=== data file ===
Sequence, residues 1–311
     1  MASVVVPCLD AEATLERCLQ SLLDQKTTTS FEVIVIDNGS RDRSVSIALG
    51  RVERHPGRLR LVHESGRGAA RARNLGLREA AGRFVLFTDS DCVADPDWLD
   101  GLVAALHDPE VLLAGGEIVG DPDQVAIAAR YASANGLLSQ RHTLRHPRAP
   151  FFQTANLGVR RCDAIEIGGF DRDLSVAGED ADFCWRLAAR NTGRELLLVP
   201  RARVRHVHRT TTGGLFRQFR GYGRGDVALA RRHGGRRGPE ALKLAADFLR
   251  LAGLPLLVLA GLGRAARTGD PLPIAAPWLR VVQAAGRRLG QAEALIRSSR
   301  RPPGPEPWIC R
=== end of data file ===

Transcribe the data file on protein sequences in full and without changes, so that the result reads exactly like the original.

Sequence, residues 1–311
     1  MASVVVPCLD AEATLERCLQ SLLDQKTTTS FEVIVIDNGS RDRSVSIALG
    51  RVERHPGRLR LVHESGRGAA RARNLGLREA AGRFVLFTDS DCVADPDWLD
   101  GLVAALHDPE VLLAGGEIVG DPDQVAIAAR YASANGLLSQ RHTLRHPRAP
   151  FFQTANLGVR RCDAIEIGGF DRDLSVAGED ADFCWRLAAR NTGRELLLVP
   201  RARVRHVHRT TTGGLFRQFR GYGRGDVALA RRHGGRRGPE ALKLAADFLR
   251  LAGLPLLVLA GLGRAARTGD PLPIAAPWLR VVQAAGRRLG QAEALIRSSR
   301  RPPGPEPWIC R